Transcription of video

Update: the user interface in this demo has been revised considerably.

New software

Wheel Analytics doesn’t check for software updates so you might not know what you’re missing. The WA-1 doesn’t connect to the internet at all but perhaps worth a rethink in this case.

Software version 1.0.5 was released this week. There are a few improvements but a couple worth mentioning. Truing visualizations now zoom to use available screen space automatically. Bigger is better. And all visualizations have improved printable versions for saving or sharing. This is a free update available via the Update tab on your Wheel Analytics tool.

Manual online

Did you know the Wheel Analytics manual is available online? The first half covers installation and configuration. The second half is all about wheelbuilding with color diagrams that unpack each visualization in detail. Feedback is welcomed on documentation just as much as on the tools themselves. Please email if you have any comments or questions.

True from the joint

If you true bicycle wheels using indicators, dial or digital, you’ll know the joint area can be problematic on some rims. A little twist or bump can wreak havoc, sending your instrument to the moon if only for a moment. It’s possible to work around this problem.

Normally truing is oriented from the valve hole, starting at the valve hole and continuing around the wheel until returning to the valve hole again. It’s nothing special other than being a signpost to indicate you’ve covered the whole wheel. Instead start at the joint. Begin scanning immediately after the joint and continue around the wheel until returning to the point immediately before the joint. This factors out hyperlocal distortion at the seam. If you need to make the joint more conspicuous, apply a little piece of masking tape to establish your own signpost.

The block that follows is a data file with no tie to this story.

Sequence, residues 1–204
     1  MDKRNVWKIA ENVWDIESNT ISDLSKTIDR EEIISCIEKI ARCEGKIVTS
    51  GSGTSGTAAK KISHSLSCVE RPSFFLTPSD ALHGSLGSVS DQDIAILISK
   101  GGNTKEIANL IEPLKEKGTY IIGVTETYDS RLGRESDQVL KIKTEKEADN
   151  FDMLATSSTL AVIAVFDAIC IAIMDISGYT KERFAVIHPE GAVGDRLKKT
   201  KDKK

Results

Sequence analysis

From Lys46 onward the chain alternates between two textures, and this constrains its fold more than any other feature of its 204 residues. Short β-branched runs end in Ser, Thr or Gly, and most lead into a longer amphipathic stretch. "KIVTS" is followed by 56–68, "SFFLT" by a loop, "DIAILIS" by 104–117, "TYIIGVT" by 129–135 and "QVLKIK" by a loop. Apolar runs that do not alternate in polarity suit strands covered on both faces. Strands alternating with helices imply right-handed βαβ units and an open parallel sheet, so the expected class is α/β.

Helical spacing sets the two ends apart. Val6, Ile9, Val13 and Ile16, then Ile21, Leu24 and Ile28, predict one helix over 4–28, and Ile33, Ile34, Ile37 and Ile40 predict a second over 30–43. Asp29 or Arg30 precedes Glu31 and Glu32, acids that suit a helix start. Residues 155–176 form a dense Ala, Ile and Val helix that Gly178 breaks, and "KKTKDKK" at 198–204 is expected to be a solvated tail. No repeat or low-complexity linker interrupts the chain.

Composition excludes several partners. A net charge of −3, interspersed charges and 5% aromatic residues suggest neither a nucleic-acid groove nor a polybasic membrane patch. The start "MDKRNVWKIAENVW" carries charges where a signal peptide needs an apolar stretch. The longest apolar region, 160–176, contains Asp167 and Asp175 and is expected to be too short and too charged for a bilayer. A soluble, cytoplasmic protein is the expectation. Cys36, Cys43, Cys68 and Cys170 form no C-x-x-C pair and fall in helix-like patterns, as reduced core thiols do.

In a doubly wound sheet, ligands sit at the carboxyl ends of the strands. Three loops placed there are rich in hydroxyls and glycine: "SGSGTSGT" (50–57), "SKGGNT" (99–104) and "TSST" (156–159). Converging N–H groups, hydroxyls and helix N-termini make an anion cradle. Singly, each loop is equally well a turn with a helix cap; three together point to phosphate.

Islandix on Insta

Islandix is low-key on the social media front but check out Instagram . IG gets used for highlights, behind-the-scenes stuff and less serious amusements. As a special request please contact us here for sales and support (we do not use social media every day and some weeks not at all).


Refitting a tensio to work with Wheel Analytics can be pretty easy. In this video we’ll refit a typical tool, this one imported from Asia but similar to tensiometers from a dozen or more manufacturers. This particular tool is well-constructed with a ball bearing pivot. The factory dial indicator is its weakness but we’ll replace it with a digital upgrade.

The indicator is released by loosening a single set screw on the back of the tool. With the indicator removed, the stem is measured. There are two common sizes — 9.5mm (3/8″) and 8mm (5/16″) — and this tool uses the latter. Mitutoyo 543-781B features an 8mm stem so it’s a direct replacement. Insert into the bore and secure with the same screw. Job done.

Compatible indicators are commonly available in most global markets or available direct from Islandix.

Power up

Wheel Analytics includes a USB power supply with three ports when only one is needed. Wall sockets can be a precious commodity so this supply is ready for triple duty. Power a tablet, which might be used with Wheel Analytics at the same time. Or charge your phone. The WA-1 is a low-power instrument and will work happily with any of the ports. Save the higher current port for heavy-draw rechargeable devices. Select US-style, EU-style or UK-style plug at checkout.

Update: AU-style power adapters now available.